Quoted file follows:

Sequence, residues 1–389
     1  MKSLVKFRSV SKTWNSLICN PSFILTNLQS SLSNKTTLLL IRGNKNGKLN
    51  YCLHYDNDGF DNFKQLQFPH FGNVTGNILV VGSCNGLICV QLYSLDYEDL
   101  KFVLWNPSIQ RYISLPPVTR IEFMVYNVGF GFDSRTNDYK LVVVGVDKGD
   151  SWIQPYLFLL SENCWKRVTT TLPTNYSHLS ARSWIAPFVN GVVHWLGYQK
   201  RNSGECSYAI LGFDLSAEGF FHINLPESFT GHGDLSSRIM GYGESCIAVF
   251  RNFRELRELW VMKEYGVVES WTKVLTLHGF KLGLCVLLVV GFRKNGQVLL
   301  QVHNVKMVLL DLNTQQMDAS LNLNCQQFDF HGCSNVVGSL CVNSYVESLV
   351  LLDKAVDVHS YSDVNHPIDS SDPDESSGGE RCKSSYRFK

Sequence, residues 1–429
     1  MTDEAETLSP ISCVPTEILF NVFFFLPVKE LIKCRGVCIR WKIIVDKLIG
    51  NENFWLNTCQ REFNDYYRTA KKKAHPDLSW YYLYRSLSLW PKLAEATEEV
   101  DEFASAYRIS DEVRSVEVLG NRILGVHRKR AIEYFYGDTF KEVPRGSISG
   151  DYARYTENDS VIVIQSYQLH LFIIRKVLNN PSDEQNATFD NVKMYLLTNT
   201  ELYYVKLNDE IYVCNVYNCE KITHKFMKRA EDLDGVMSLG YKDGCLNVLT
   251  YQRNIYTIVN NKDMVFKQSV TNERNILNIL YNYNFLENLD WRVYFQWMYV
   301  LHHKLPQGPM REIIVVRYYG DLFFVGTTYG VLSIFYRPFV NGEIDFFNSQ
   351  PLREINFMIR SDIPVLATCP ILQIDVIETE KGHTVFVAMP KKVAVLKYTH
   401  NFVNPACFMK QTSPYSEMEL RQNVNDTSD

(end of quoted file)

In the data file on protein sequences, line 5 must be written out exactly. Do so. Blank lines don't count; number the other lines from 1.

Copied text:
   151  SWIQPYLFLL SENCWKRVTT TLPTNYSHLS ARSWIAPFVN GVVHWLGYQK